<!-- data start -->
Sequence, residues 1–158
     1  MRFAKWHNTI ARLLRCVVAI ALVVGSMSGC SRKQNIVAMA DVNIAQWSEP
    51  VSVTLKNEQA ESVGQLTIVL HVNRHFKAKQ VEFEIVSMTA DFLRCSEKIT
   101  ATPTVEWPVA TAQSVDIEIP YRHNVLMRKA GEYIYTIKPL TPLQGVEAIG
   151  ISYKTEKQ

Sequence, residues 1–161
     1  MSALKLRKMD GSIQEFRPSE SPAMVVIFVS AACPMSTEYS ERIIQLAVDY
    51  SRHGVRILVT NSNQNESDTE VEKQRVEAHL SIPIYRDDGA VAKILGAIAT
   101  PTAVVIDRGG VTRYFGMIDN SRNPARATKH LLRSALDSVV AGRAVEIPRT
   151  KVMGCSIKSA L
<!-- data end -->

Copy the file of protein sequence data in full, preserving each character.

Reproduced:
Sequence, residues 1–158
     1  MRFAKWHNTI ARLLRCVVAI ALVVGSMSGC SRKQNIVAMA DVNIAQWSEP
    51  VSVTLKNEQA ESVGQLTIVL HVNRHFKAKQ VEFEIVSMTA DFLRCSEKIT
   101  ATPTVEWPVA TAQSVDIEIP YRHNVLMRKA GEYIYTIKPL TPLQGVEAIG
   151  ISYKTEKQ

Sequence, residues 1–161
     1  MSALKLRKMD GSIQEFRPSE SPAMVVIFVS AACPMSTEYS ERIIQLAVDY
    51  SRHGVRILVT NSNQNESDTE VEKQRVEAHL SIPIYRDDGA VAKILGAIAT
   101  PTAVVIDRGG VTRYFGMIDN SRNPARATKH LLRSALDSVV AGRAVEIPRT
   151  KVMGCSIKSA L